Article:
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IDS academic Stephen Devereux among the world’s most impactful researchers

Published on 3 December 2020

A new study from Stanford University has named Dr Stephen Devereux, Research Fellow in the IDS Rural Futures cluster and co-Director of the Centre for Social Protection, as one of the most impactful researchers in the world in 2020.

Over six million researchers across 22 scientific fields and 176 subfields were assessed. Led by Stanford University researcher John P. Ioannidis and published in PLoS Biology, the global study used standardised citation metrics to produce a database of the most influential academic authors. The methodology was designed to exclude self-citation and ‘citation farms’, where groups of authors cite each other’s papers.

Commenting on the report, Stephen Devereux said: ‘I am sure many of my IDS colleagues are also included in this study, but I am especially pleased for my colleagues and students at the University of the Western Cape in South Africa, a historically disadvantaged institution where I work half-time. My research in South Africa is funded by the National Research Foundation and the UK’s Newton Fund, and I am very grateful for their support.’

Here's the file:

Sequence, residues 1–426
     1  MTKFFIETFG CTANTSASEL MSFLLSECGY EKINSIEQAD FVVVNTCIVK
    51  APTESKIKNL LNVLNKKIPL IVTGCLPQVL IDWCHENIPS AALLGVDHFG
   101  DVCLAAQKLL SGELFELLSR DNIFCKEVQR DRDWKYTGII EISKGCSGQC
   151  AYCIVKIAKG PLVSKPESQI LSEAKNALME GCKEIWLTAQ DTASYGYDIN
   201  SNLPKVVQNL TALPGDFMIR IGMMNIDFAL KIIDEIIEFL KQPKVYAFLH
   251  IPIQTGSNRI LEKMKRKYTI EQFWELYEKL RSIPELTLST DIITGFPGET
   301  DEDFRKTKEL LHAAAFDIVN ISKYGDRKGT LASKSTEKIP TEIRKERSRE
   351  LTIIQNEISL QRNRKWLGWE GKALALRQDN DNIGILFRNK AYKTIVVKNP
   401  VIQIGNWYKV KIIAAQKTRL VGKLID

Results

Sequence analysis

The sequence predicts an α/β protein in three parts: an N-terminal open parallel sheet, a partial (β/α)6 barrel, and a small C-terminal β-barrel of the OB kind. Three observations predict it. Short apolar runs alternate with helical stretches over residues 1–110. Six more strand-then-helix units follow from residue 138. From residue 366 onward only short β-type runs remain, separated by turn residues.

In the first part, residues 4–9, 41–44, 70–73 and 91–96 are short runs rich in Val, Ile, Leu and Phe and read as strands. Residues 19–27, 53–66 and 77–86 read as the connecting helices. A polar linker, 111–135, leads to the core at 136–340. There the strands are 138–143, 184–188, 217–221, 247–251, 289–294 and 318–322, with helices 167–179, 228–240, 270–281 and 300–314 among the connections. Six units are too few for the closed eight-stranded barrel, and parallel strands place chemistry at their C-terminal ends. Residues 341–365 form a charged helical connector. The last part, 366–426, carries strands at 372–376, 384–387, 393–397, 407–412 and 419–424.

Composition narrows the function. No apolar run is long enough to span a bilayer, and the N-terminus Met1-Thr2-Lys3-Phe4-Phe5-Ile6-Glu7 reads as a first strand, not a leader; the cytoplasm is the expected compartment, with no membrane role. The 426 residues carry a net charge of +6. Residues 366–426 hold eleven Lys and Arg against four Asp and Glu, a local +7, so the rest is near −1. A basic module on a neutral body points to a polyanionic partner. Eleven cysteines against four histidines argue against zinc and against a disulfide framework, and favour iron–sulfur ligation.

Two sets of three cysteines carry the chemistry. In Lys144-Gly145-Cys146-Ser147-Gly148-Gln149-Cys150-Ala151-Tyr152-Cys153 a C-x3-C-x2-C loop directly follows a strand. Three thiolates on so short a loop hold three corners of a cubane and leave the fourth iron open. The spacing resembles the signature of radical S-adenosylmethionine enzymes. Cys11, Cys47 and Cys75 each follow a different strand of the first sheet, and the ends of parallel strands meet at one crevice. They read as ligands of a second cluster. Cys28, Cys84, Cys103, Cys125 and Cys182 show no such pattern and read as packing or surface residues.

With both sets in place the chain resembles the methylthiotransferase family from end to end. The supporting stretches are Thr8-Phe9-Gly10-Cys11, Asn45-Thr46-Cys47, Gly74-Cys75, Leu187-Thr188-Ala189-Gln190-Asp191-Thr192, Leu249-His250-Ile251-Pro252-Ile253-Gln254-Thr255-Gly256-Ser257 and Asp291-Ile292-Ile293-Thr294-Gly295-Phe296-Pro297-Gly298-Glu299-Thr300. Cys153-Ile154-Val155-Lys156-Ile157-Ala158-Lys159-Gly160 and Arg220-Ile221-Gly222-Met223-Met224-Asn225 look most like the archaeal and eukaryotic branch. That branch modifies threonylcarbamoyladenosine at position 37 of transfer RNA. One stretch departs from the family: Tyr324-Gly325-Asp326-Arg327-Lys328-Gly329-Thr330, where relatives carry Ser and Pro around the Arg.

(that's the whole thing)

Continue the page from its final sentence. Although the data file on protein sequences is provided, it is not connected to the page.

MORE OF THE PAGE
Stephen Devereux is a development economist who works mainly on famine, food security and social protection, with a geographic focus on east and southern Africa. Since 2016 he has held a research chair in Social Protection for Food Security, affiliated to the Centre of Excellence in Food Security in South Africa, and in 2019 he was awarded a Mercator Fellowship at the University of Bremen in Germany.

His research and policy engagement in South Africa covers issues ranging from social grants to school feeding schemes to student hunger, and from farm worker labour conditions and seasonal hunger to the impacts of COVID-19. Recent publications include: External donors and social protection in Africa; Violations of farm workers’ labour rights in post-apartheid South Africa; Seasonal food insecurity among farm workers in the Northern Cape; and Conceptualising COVID-19’s impacts on household food security.

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